Current issues of ACP Journal Club are published in Annals of Internal Medicine


Therapeutics

Review: Aspirin reduces CAD events in persons with no history of cardiovascular disease, but it increases gastrointestinal bleeding

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ACP J Club. 2002 Jul-Aug;137:6. doi:10.7326/ACPJC-2002-137-1-006

Related Content in the Archives
• Correction: Review: Aspirin reduces CAD events in persons with no history of cardiovascular disease, but it increases gastrointestinal bleeding


Source Citation

Hayden M, Pignone M, Phillips C, Mulrow C. Aspirin for the primary prevention of cardiovascular events: a summary of the evidence for the U.S. Preventive Services Task Force. Ann Intern Med. 2002 Jan 15;136:161-72. [PubMed ID: 11790072]


Abstract

Question

What are the benefits and harms of aspirin use to prevent coronary artery disease (CAD) events in persons with no history of cardiovascular disease?

Data sources

Studies were identified by searching MEDLINE (1966 to May 2001), reviewing bibliographies of relevant studies and systematic reviews, and contacting experts.

Study selection

Randomized controlled trials (RCTs) of aspirin-related benefits were selected if they compared aspirin with placebo or no aspirin; included participants with no history of cardiovascular disease; had a duration ≥ 1 year; and assessed myocardial infarction (MI), stroke, and mortality. Case–control studies, RCTs, and systematic reviews of aspirin-related harms were selected if they assessed hemorrhagic stroke or gastrointestinal (GI) bleeding.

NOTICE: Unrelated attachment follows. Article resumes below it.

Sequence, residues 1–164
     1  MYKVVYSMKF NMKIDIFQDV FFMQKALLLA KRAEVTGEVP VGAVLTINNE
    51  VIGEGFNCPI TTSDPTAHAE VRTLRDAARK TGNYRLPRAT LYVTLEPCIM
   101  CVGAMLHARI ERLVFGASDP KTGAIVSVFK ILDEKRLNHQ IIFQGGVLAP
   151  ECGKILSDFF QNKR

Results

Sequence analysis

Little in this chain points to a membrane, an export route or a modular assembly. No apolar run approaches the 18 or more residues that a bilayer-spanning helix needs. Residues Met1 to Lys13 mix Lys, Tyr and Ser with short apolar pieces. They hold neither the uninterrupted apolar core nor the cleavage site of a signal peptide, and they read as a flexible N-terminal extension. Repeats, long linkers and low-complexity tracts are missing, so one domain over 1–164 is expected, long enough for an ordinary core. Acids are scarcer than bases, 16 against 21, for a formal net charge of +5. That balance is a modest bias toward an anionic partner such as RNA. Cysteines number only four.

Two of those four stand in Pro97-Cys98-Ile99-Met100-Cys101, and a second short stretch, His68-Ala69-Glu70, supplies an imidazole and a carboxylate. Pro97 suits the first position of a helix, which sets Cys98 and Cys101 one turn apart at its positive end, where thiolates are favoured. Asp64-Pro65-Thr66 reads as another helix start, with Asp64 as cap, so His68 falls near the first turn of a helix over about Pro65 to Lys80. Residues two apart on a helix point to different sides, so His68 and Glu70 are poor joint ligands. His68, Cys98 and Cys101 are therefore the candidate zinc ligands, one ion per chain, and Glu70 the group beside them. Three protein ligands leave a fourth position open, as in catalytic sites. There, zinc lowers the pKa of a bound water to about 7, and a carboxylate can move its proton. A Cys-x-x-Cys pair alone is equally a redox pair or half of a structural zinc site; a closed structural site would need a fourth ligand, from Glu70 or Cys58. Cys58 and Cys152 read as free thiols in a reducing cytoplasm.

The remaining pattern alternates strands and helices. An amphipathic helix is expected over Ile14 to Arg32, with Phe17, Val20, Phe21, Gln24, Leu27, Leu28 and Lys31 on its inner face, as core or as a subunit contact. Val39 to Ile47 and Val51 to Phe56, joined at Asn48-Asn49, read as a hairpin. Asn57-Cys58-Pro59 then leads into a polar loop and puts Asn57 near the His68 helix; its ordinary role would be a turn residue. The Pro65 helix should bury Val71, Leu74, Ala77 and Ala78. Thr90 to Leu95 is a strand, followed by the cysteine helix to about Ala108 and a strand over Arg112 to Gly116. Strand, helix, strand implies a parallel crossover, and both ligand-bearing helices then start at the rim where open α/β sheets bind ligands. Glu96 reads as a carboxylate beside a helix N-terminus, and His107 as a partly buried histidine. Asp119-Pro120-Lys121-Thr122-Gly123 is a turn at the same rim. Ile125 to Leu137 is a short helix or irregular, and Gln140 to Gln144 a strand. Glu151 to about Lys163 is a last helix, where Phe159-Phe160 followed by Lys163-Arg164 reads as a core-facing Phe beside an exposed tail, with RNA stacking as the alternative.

Data extraction

Data were extracted on duration of treatment, patient characteristics, aspirin dosage, control condition, and additional therapies. Quality of trials was assessed.

Main results

5 RCTs (n = 53 035) were included in the meta-analysis: the British Male Doctors’ Trial, the Physicians’ Health Study (PHS), the Thrombosis Prevention Trial (TPT), the Hypertension Optimal Treatment Trial, and the Primary Prevention Project. Most participants were men (78%) and were middle-aged, and aspirin dosage was ≤ 162 mg/d in 4 trials and 500 mg/d in 1 trial. Study quality was high overall. Meta-analyses showed that aspirin reduced the combined outcome of nonfatal MI or death from CAD but did not differ from the control intervention for CAD mortality alone, all-cause mortality, or stroke (Table). Previous meta-analyses that included the 5 trials showed that aspirin increased the risk for a major GI bleeding event but did not differ from the control intervention for hemorrhagic stroke (Table).

Conclusions

In persons with no history of cardiovascular disease, aspirin reduces the risk for overall coronary artery disease events but does not affect the risk for CAD mortality, all-cause mortality, or stroke. The risk for gastrointestinal bleeding is increased, but the risk for hemorrhagic stroke is not.

Source of funding: Agency for Healthcare Research and Quality.

For correspondence: Dr. M. Pignone, University of North Carolina Hospital, Chapel Hill, NC, USA. E-mail pignone@med.unc.edu.


Table. Aspirin vs the control intervention for prevention of coronary artery disease (CAD) events in persons with no history of cardiovascular disease†

Outcomes at 3 to 7 y Weighted event rates RRR (95% CI) NNT (CI)
Aspirin Control
Total coronary events 1.9% 2.4% 28% (13 to 39) 150 (105 to 324)